Revive Interview: Nai Palm Reveals The Inner Workings Of Hiatus Kaiyote
The Hiatus Kaiyote new-album-blitz continues, and we couldn't possibly be more pleased. Earlier this week the Australian neo-soul-prog group's frontwoman Nai Palm chatted with our good friends at Revive, and the resulting conversation shed ample light on the shapeshifting specter that is the band's recorded catalog. As the world prepares for impact with the group's sophomore release, Choose Your Weapon, Nai's words are a kind of Rosetta Stone for the tricker syllables of their sonic language.
CYW is "a natural progression of our relationship as musicians together," Palm told Revive. "I feel like it’s kind of a commentary on the fact that so much music is temporary now and everyone is just looking to release the next hot single. This record is in tribute to listening to an album from start to finish where there is a narrative that takes you to all these different soundscapes."
Palm also put to rest any suspicious that, with its formidable length, Choose Your Weapon should be taken to be a concept album:
Every little element creates a bigger picture and the bigger picture is the narrative of our shared creativity together. Even though your ideas are all over the place, your ideas will vary a lot if you’re really true to your own expression. For example, we have a song called “Atari,” which is a tribute to vintage game consoles and we have a song “Swamp Thing,” which is kind of like my tribute to “Thriller” and it’s sort of telling a horror story. But at the end of it you’re nurturing the person and at the end I’m the villain. That was an interpretation of “Thriller.” But there’s all these different themes from song to song, but somehow it’s cohesive because the ideas are diverse but we’re not over-trying and we’re allowing the songs to be what they need to be. The beauty of this project is that the overall theme is the unity of our four-way collaboration and that plays out really naturally.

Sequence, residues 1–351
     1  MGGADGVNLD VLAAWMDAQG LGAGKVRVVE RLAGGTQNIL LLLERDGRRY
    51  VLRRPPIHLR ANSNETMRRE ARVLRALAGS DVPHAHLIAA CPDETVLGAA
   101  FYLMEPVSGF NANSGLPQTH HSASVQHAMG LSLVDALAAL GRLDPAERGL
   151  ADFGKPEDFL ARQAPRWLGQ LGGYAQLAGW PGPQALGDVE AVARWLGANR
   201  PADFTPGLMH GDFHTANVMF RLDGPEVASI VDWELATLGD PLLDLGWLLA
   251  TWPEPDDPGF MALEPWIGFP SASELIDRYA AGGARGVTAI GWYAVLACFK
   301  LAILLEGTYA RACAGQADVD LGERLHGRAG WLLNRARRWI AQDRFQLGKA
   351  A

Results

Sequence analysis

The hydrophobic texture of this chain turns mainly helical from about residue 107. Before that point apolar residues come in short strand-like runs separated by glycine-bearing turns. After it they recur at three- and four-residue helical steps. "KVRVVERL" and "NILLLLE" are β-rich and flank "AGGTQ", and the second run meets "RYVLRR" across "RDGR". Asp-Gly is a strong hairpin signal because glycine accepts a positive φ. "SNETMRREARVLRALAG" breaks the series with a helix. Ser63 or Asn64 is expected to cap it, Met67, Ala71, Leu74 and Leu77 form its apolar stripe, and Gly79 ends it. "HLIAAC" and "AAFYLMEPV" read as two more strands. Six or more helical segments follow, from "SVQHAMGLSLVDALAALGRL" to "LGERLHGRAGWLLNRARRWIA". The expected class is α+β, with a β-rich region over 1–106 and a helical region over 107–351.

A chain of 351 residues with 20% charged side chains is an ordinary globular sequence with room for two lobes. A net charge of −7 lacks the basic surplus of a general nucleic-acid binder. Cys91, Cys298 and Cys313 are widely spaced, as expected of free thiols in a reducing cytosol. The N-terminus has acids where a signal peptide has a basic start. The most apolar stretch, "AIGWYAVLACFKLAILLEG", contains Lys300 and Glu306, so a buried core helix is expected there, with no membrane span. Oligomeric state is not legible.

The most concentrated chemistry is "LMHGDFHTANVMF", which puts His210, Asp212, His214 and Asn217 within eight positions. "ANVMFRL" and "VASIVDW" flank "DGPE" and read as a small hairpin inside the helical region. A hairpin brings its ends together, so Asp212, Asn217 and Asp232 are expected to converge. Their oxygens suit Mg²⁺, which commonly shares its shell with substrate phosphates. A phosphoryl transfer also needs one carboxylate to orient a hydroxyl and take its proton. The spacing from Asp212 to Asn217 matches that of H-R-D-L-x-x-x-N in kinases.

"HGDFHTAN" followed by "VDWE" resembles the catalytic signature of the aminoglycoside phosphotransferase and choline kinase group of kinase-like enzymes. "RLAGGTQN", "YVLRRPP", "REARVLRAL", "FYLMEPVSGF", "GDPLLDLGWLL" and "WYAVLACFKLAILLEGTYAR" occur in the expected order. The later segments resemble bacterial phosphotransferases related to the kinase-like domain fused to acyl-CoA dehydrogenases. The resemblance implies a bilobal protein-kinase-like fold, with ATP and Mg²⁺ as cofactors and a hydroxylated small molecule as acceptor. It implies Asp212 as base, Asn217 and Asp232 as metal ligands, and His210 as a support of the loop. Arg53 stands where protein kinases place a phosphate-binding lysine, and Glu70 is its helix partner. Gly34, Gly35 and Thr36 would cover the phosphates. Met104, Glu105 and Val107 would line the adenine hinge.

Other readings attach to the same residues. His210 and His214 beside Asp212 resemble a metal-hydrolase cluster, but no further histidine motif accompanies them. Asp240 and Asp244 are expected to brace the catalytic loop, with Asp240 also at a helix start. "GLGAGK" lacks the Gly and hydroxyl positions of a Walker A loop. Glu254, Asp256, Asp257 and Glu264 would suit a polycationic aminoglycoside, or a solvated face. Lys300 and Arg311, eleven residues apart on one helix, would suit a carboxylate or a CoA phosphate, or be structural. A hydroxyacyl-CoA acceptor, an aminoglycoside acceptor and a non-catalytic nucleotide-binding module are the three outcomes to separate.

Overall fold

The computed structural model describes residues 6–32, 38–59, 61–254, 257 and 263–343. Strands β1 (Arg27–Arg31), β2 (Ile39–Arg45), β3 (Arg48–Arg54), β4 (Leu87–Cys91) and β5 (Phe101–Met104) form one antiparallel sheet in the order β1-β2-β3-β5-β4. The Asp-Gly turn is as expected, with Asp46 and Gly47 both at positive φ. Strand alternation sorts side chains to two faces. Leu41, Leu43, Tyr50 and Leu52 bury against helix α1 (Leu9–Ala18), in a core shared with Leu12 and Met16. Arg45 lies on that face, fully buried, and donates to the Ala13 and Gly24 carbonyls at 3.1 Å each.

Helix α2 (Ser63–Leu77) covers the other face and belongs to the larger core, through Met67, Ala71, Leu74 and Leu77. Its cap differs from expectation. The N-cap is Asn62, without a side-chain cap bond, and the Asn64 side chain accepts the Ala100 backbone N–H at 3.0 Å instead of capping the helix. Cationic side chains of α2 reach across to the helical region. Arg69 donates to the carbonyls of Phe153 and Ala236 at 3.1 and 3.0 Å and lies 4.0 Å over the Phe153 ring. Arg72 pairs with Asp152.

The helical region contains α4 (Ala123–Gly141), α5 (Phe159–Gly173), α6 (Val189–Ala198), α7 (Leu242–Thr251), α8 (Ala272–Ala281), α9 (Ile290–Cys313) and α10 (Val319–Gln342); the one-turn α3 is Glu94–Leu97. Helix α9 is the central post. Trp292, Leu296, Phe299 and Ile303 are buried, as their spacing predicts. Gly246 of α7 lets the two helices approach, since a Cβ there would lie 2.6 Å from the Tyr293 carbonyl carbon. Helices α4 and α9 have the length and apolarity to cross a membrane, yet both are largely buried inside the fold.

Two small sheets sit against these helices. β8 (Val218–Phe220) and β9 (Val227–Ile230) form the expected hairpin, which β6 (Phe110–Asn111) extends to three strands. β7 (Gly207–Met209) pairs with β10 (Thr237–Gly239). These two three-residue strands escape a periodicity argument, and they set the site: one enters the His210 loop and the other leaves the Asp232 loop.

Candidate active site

As the interview continues, Ms. Palm describes the experience of writing and workshopping new song on the road, and traces the lineage of a few tracks back to her teenage years. It's an excellent interview--a must-read for HK fans--and you can check it all out over in the pages of Revive.